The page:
Open Thread 2/16

- This so-called birth control battle is about a lot more than contraception…it is about not having to beg, negotiate, or endure a forced public confession to get access to services and medicine denied based on some employer’s morality glitch..

– They should call it PolitiCowersToConservatives.

Caring Across Generations in Seattle. (h/t)

God Hates Checkered Whiptail Lizards

$105 for permission to use one of my images is the average amount that keeps me clothed, fed, and housed enough to continue producing more images.

– And as long as I’m linking to copyright pieces: Authors Have a Moral Right to Profit From Their Works


  1. 1

    Roger Rabbit spews:

    The Rich Are Different

    They’re dishonest.

    “[T]he dynamics of the residential real estate collapse are very different in elite neighborhoods … owners who can still afford to make their monthly mortgage payment choose not to because the property is now worth … less than the giant loan used to buy it during the housing bubble. …

    “Across the United States, the largest increase in foreclosures and delinquencies … is with ‘jumbo’ mortgages … [which] are up 579 percent since 2009 …. Strategic defaults are now more likely among jumbo-loan holders than any other type of borrower ….”

    Roger Rabbit Commentary: Show me a rich person and I’ll show you a crook. Exhibit 1: A GOP presidential candidate who hides income in offshore accounts to avoid paying taxes. I don’t know about you, but I just don’t want to hear anymore from the anti-government crowd about how we can’t afford this and we can’t afford that until they make reasonable efforts to collect the back taxes owed by the wealthy tax-dodging crowd.

  2. 2

    Roger Rabbit spews:

    One of the main reasons Greece is broke is because of massive tax-dodging by that country’s wealthy elite.

  3. 4

    ArtFart spews:

    @1 Roger, I’m with you on most of what you’re saying, but it might be worth pointing out that for most of the US, a “jumbo mortgage” is something less than half a million dollars. That probably would mean your burrow by Greenlake if you were to put it on the market, or our modest Cape Cod in Wedgwood that we bought in 1976 for $38K. Hell, you can hardly buy a decent used car for that nowadays.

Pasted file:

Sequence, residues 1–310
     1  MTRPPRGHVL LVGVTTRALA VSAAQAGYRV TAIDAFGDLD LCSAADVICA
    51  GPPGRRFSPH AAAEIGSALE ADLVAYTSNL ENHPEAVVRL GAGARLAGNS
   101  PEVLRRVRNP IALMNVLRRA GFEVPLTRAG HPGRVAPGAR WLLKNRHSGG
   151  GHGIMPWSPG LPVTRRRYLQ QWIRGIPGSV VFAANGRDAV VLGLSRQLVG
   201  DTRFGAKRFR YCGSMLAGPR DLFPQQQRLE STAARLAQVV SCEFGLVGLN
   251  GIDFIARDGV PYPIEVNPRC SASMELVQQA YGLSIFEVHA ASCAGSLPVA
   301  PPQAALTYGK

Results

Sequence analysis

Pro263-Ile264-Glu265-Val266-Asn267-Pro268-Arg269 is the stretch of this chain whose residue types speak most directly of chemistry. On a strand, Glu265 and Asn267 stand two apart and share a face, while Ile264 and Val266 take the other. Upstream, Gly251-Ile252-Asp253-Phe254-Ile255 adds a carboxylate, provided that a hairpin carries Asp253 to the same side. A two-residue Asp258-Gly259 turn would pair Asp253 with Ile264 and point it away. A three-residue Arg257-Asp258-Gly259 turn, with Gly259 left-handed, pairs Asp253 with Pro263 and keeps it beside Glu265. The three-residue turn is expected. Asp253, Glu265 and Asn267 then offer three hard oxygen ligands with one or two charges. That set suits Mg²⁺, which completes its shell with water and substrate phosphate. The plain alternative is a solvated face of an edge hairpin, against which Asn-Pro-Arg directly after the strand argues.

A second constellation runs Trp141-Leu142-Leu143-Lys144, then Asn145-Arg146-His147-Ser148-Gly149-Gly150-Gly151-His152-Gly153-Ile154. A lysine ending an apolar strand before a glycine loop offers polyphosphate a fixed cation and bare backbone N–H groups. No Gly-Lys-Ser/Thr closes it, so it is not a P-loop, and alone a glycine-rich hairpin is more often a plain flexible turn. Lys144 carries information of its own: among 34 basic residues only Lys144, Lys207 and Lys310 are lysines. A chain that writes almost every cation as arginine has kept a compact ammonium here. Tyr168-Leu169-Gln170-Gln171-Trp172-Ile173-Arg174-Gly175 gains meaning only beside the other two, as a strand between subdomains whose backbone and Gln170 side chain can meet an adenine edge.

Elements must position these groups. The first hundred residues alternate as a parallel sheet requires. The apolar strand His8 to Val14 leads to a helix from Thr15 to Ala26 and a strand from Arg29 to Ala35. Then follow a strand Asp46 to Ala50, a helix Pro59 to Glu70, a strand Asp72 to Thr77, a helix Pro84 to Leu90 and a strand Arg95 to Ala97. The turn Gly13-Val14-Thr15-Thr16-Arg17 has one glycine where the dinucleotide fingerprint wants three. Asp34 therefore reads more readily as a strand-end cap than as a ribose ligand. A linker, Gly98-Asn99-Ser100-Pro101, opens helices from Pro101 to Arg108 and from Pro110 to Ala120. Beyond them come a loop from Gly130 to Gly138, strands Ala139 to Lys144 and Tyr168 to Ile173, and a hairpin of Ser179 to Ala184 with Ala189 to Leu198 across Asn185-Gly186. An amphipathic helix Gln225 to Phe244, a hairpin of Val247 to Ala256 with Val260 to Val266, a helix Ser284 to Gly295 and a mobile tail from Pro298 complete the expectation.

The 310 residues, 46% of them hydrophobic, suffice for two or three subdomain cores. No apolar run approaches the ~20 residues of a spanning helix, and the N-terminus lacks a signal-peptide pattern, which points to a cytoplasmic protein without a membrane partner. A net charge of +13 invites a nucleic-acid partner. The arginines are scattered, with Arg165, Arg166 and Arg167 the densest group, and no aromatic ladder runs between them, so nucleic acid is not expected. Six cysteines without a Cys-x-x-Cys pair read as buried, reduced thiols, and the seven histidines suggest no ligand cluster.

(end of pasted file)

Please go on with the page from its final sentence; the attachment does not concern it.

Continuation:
4. 5

    rhp6033 spews:

    Regarding royalties:

    When personal computers were young, it’s advocates and “hobbyists” in the mid-1970’s were generally anti-establishmentarians who believed in a communal approach to knowledge.
    Clubs formed with a free exchange of ideas, without a profit motive. Part of this was the battle between University computer administrators and students and staff. Administrators insisted that computer time couldn’t be used for non-course-work projects, unless huge hourly payments were made for computer time. (As an undergraduate in the mid-1970’s, I saw the reports sent to the computer department daily – someone was assigned to see exactly what every user was doing on the computer over the last 24 hours).

    You can see this battle in popular culture of the time: “Tron” was a geek movie which chronicled the attempts of the “users” to break the monopoly of the administrators who insisted on controlling access through mainframes. “War Games was about the early hacker culture attempting to access large company mainframes to get free gaming, but accidently accessing NORAD instead. A later book and movie chronicalling this culture, pre-dating both the emergence of Apple and Microsoft, was “The Pirates of Silicone Valley”.

    A young professor in an Ivy League college belonged to one such club, and soon he was freely distributing a program from which to create business spreadsheets. At the time it was revolutionary, because it allowed businesses to change one variable in a large chart without having to manually re-calculate each affected cell of the chart. Being freely distributed in the public domain, it was picked up by Apple, which converted it’s Apple II from a personal gaming machine into a piece of essential business equipment. Microsoft later used it to create Excel, later incorporated into MS Office products. Although both Apple and Microsoft charge for their products, no royalty was paid to the creator. But both Apple and Microsoft claim copyrights on their products, citing improvements and changes made since the original program.

    So in the early days of the internet, the free use of what would otherwise be copyrighted work was ignored. This was largly because there wasn’t sufficient means to police the internet, much of it involved pornography, nobody believed anything on the internet had much commercial value. But that changed as the internet competed with traditional media outlets.

    As far as original photography is concerned, it is ironic that the biggest protector of the photography rights isn’t the photographer himself (or herself). They just don’t have enough power to accomplish much on their own. Instead, it is those who buy the photographer’s work and claim the original rights for their publication. I say this is ironic becuase for years such publishers themselves have been degenerating the value of the photographer’s work, offering to pay nominal values on a freelance basis only for images they decide to use. Staff photographers are becoming a breed nearing extinction.

    That being said, the author of the article is clearly a scientist and not an accountant, mixing capital costs and incremental costs, and not properly approaching the issue of “lost opportunity”. It’s okay for a professional photographer to factor in the price of their equipment and the time/labor cost into the value of a picture, but the equipment cost should be depreciated over time, not assigned to one picture.